Re: Nose high during cruise

From:         David Lednicer <dave@amiwest.com>
Date:         10 Mar 94 13:07:25 PST
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	There has been speculation in the "Nose high during cruise" 
discussion as to the reason for this phenomona.  Its really rather 
simple.  At the beginning of a flight, especially a long range one, the 
airliner is rather heavy, particularly with fuel.  To generate the lift 
necessary to maintain altitude, it most fly at a certain angle of 
attack.  As the fuel burns off, the lift necessary decreases and the 
angle of attack decreases.  The angle that the wings are at (incidence) 
relative to the fuselage is determined by defining a "typical" flight 
condition, but as one might imagine, aircraft only fly at this "typical" 
condition for short periods, hence you can sense a nose up or nose down 
floor angle.

	Incidentally, changing the trim tab setting on an aircraft does 
not affect the stability - it only changes the elevator hinge moment and 
stick force.
        
        The Boeing 727 is notorious for cruising rather nose up.  
This led to the famous "bootleg" manuver that those TWA pilots got caught 
using over Michigan.  In cruise, 727 pilots would throw the breakers on the 
slats and then put the flaps out 5 deg or so to decrease the angle of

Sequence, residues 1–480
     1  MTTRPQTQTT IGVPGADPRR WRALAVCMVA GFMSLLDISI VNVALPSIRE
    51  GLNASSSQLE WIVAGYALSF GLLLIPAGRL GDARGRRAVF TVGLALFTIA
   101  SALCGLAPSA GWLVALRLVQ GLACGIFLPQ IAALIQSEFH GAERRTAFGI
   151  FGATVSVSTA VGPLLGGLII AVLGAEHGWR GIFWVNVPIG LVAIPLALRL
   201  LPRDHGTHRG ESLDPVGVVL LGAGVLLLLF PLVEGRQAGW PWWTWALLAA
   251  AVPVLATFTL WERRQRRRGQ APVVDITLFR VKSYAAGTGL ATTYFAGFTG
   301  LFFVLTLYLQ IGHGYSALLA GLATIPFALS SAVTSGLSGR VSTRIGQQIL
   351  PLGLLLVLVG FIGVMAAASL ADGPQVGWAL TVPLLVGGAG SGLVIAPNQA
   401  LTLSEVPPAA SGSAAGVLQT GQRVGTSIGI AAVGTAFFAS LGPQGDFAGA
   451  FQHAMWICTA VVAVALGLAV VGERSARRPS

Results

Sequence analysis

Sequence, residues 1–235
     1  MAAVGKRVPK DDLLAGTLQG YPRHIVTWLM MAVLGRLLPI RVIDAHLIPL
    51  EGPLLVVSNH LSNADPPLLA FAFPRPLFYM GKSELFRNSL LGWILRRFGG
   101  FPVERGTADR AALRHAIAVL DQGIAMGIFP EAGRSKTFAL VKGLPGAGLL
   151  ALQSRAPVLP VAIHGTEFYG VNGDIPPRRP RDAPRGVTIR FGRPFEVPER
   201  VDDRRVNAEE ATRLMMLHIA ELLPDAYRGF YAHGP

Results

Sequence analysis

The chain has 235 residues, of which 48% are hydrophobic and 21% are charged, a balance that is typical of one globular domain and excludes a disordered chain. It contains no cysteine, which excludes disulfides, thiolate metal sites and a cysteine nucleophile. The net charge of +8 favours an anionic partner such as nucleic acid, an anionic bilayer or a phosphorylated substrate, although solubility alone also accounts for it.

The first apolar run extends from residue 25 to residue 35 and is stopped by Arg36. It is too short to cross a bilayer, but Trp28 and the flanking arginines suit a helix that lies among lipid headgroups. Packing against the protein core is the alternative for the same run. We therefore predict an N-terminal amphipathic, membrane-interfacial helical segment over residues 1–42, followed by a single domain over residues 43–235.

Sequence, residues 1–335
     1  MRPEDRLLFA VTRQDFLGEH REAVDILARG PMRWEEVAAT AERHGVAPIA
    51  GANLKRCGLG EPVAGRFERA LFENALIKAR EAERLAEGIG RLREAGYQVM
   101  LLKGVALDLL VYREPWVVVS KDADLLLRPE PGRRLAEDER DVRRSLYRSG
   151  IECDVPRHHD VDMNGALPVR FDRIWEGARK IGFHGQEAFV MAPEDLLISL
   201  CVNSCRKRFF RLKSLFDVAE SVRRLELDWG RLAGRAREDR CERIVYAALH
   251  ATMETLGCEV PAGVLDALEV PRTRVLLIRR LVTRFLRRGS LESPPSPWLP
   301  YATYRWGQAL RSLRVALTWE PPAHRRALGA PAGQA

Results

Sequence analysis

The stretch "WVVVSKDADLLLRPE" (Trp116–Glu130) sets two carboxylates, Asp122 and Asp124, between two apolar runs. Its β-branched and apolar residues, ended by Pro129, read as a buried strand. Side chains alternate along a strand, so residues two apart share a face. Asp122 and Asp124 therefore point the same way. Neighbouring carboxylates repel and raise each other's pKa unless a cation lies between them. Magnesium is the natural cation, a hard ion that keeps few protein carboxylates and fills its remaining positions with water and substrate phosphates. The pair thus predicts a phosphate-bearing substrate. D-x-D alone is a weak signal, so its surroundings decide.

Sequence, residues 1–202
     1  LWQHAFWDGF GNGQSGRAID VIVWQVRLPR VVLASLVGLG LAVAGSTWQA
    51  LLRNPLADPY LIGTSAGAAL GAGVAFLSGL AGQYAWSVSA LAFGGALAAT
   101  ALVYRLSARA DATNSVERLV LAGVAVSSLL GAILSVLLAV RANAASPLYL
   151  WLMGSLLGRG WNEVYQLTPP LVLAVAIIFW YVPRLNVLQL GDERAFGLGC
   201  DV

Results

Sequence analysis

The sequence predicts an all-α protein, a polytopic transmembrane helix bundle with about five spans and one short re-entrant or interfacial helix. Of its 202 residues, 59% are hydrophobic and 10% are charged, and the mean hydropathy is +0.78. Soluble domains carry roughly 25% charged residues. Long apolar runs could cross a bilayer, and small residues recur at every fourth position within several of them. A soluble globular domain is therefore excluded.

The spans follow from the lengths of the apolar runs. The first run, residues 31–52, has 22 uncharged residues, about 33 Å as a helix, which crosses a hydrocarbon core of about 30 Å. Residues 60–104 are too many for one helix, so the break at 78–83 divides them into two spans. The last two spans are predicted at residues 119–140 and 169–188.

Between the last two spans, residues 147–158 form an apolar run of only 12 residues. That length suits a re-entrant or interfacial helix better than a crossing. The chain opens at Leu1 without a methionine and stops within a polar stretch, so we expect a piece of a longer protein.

attack necessary to generate the lift required and thereby decrease the 
floor angle.  Legend has it that on the TWA flight, the flight engineer 
didn't know what was going on and flipped the breakers for the slats back 
on, leading to slat deployment in cruise.  The pilots then tried to 
retract the slats, but one stuck from the high airloads, resulting in a 
wild ride before it ripped off.  The airplane landed safely at Detroit 
Metro and the cockpit voice recorder was found to be erased!  Some of the 
debris landed in one of my friend's front yard.

	When we helped Valsan add winglets to the 727, we ran into a 
problem with the loads, so we fell back on the same trick.  We found that 
by rigging the flaps several degrees down, we could move the loads back 
in where they needed to be and at the same time we gained a slight fuel 
burn decrease.  Currently there are two wingletted 727s in Delta's fleet 
and several privately owned ones (I think one is the Limited's - not only 
do they have winglets, but they also have the Valsan reengining on a a 
727-100 - giving them one hot ship!).

ps - I haven't been getting airliners for a while - it seems that some 
weeny deleted my subscription!
				


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David Lednicer             | "Applied Computational Fluid Dynamics"
Analytical Methods, Inc.   |   email:   dave@amiwest.com
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